Mongolian wrestling is similar to wrestling found elsewhere, except that there are no weight divisions, so the biggest wrestlers (and they are big!) are often the best. Monglian wrestling also has no time limit – the bout will continue, with short breaks, until the first wrestler falls, and anything but the soles of his feet and open palms touch the ground.
Before each elimination bout, wrestlers limber up and honour the judges and their individual attendants (zasuul - besides seeing fair play for his wrestler and holding his hat, it is the job of the attendant to proclaim his skills and issue challenges on his behalf) with a short dance called a devekh, or ‘eagle dance’ (the wrestler stretches out his arms like an eagle’s wings in representation of Garuda, King of Birds). After the bout, the loser must take off his jacket and walk under the right arm of the winner, who then makes a lap of honour around the flag on a pedestal and does some more eagle dancing.
Wrestlers wear heavy boots called gutals - similar to the traditional boots worn by ordinary Mongolians. The tight, unflattering pants are called shuudag, and the small vest across the shoulders is a zodog. Winners are bestowed glorious depending on how many rounds they win: Falcon (five rounds), Elephant (seven) and Lion (for winning the tournament). One renowned wrestler was given the most prestigious, and lengthy, title of the ‘Eye-Pleasing Nationally Famous Mighty and Invincible Giant’.
By tradition, the wrestlers enter the arena from the left or the right, the left being the north-east (sunrise) corner.
You will see plenty of wrestling if you are in Mongolia during the Naadam Festival, or during the Ikh Sorilgo (Major Test) tournaments in the weeks before Naadam.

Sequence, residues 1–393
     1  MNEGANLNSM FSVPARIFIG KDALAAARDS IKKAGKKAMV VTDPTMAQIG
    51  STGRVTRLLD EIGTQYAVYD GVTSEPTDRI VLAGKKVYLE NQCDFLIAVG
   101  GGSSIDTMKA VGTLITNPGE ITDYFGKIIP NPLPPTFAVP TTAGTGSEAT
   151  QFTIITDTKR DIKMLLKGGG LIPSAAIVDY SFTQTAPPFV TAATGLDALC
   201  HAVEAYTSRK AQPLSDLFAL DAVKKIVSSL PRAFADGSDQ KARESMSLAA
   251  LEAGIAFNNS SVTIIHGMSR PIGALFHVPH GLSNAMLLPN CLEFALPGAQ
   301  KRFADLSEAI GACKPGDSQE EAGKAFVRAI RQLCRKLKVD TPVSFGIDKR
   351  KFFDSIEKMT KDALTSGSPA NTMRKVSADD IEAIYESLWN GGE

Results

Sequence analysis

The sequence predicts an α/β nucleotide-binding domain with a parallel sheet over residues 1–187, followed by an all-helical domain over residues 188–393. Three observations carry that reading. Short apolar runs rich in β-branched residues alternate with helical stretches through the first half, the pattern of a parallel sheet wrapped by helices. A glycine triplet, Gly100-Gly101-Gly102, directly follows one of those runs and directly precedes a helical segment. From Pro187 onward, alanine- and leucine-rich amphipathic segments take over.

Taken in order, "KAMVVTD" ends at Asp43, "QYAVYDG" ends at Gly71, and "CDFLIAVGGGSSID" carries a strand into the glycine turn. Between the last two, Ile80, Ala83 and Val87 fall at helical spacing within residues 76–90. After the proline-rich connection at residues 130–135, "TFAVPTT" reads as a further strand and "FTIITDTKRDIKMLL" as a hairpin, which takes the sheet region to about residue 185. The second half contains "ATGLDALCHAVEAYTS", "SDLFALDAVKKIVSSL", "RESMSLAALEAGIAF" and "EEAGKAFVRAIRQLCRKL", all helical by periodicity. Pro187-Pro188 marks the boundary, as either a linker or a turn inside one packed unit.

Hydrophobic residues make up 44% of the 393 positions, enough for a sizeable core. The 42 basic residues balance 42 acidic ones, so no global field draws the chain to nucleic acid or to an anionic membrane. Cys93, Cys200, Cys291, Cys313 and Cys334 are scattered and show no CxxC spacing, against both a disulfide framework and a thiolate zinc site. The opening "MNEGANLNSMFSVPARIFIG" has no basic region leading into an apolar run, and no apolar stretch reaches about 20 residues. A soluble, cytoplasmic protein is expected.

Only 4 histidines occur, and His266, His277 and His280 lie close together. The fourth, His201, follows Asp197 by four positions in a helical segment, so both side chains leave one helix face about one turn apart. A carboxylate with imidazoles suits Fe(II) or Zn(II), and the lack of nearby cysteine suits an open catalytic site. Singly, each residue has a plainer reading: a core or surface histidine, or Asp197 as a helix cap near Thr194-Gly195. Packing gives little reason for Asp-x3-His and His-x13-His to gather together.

Like horse racing, the sport of archery orignates from the era of almost constant war, starting from around the 11th century.
Archers use a bent bow made of layered horn, bark and wood. Usually, arrows are made from willow, arrowheads from bone, and the feathers are from vultures and other birds of prey.
Traditionally dressed male archers stand 75m (women usually 60m) from the target. The target is sometimes a line of 360 round leather grey, red and/or yellow rings (known as a sur) on the ground, but usually there are only about 20 to 40. After each shot, special judges who stand near the target (but miraculously) never get injured) emit a short cry called a uukhai, and raise their hands in the air to indicate the quality of the shot. The winner who hits the targets the most times is declared the best archer, or mergen.
Probably no people have more intimate understanding of, and pride in, their horses than Mongolians, who greatly depend on them for sustenance and transport.
There are normally six categories of horse racing, depending on the age of the horses: for example, a two-year-old horse, called a shudlen, will race for 15km, and six- and seven-year-old azrag and ikh nas horses go for up to 30km. There are no tracks or courses; it is just open countryside. The horses in each category are taken from the starting line to some designated landmark a suitable distance away, and then race back. Jockeys – boys and girls aged between 5 and 13 years old – prepare for months for special races, particularly at Naadam, and horses are fed a special diet for weeks beforehand.
Before a race, the audience, all decked out in traditional finery, often sings traditional songs. The young riders sing a traditional anthem called a gingo before the race, and scream ’Goog’ at the horses during the race.